Dismiss Notice
Join Physics Forums Today!
The friendliest, high quality science and math community on the planet! Everyone who loves science is here!

Homework Help: Velocity of the rocket with changing mass

  1. Nov 16, 2006 #1
    I want to do something about the rocket. I have done the zero gravity point, escape velocity and the velocity of the rocket with constant mass. But I would like to expand it! PLEASE GIVE ME SOME IDEAS!
    It probably is not right, but please read through my notes.
    1) http://i53.photobucket.com/albums/g58/hunghoiyanl6/1.jpg" [Broken]
    2) http://i53.photobucket.com/albums/g58/hunghoiyanl6/2.jpg" [Broken]
    3) http://i53.photobucket.com/albums/g58/hunghoiyanl6/3.jpg" [Broken]
    3.1) http://i53.photobucket.com/albums/g58/hunghoiyanl6/3-1.jpg" [Broken]
    3.2) http://i53.photobucket.com/albums/g58/hunghoiyanl6/3-2.jpg" [Broken]
    3.3) http://i53.photobucket.com/albums/g58/hunghoiyanl6/3-3.jpg" [Broken]

    My physics teacher said that the mass (fuel) is changing only upto a point where the rocket passes the atmosphere. Afterwards, it will be a freefall process. If so, what other sort of ideas can I expand on it. Please give me some comments on this 'presentation', and give me some other recommandations on what else I can do.
    Thank you very much.
    Please contact me via email: annie.hung@tsmail.co.uk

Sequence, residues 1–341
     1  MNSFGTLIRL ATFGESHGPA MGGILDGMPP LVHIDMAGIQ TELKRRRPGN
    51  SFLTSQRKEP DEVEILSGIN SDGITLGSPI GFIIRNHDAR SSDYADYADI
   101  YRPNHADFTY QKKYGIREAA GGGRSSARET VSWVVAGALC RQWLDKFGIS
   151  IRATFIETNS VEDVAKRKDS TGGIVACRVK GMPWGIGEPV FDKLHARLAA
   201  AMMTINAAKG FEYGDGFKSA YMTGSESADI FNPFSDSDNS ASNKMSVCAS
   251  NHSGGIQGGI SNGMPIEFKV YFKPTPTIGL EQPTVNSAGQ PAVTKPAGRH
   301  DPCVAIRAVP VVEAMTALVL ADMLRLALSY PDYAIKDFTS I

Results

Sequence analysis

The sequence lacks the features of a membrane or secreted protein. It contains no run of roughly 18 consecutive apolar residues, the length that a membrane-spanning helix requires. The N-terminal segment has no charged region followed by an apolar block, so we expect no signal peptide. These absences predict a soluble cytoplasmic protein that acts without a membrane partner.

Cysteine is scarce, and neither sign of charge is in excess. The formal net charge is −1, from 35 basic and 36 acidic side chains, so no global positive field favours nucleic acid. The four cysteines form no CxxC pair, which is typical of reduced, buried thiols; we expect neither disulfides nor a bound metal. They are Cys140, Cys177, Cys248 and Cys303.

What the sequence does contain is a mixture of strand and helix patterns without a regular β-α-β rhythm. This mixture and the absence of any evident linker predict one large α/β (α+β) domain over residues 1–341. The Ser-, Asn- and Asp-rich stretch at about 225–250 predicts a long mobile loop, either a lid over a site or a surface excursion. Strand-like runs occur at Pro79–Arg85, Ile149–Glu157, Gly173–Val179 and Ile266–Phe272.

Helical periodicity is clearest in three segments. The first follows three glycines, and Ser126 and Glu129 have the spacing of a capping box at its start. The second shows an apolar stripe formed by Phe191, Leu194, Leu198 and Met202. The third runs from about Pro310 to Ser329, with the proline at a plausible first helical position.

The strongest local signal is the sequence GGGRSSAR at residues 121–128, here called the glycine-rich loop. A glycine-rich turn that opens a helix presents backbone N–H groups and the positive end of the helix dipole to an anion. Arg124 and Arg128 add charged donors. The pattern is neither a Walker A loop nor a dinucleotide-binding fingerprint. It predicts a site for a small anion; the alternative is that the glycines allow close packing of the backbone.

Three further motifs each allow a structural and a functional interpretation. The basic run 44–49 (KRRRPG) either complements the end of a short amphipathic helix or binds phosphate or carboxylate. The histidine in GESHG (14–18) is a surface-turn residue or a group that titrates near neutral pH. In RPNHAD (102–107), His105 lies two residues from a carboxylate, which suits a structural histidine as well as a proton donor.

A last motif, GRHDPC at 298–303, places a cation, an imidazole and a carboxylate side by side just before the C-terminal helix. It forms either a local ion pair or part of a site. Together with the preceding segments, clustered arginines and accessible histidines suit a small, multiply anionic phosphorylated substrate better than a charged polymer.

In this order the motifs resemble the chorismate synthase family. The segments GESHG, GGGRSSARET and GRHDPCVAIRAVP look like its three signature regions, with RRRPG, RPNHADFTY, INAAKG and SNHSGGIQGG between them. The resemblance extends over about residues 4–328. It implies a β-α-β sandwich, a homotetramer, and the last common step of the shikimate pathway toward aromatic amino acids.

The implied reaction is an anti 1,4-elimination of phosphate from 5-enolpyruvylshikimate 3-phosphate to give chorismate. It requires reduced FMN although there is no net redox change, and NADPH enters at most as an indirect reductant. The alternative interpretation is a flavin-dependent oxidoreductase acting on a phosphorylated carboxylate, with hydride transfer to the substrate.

Last edited by a moderator: May 2, 2017
  2. jcsd
  3. Nov 16, 2006 #2


    User Avatar
    Science Advisor
    Homework Helper

    There are numerous sources on the internet for the derivation of the rocket equation. Some of them are good, and some are not. One that I think does a very good job of setting up the equation in terms of conservation of momentum is found here


    I think this approach is far superior to anything that involves F = d(M*V)/dt = V*dM/dt + M*dV/dt. This latter equation is only useful under special circumstances. For example, if fuel were being expelled out of both sides of the rocket perpendicular to its direction of motion dM/dt would be the rate of losing mass, but there would be no change in velocity and no net force.

    I'm not sure the point your teacher was making about the mass changing only up to the point where the rocket passes the atmosphere. While in the atmosphere there is an effect related to the pressure of the exhausted gas helping to push the rocket. This effect is ignored in the derivation I posted, and it is not needed for the roicket to have thrust. Ships landed on the moon where there is no atmosphere and lifted off again. A rocket does not need atmosphere to accelerate.
    Last edited by a moderator: May 2, 2017
  4. Nov 30, 2006 #3


    User Avatar
    Science Advisor
    Gold Member

Share this great discussion with others via Reddit, Google+, Twitter, or Facebook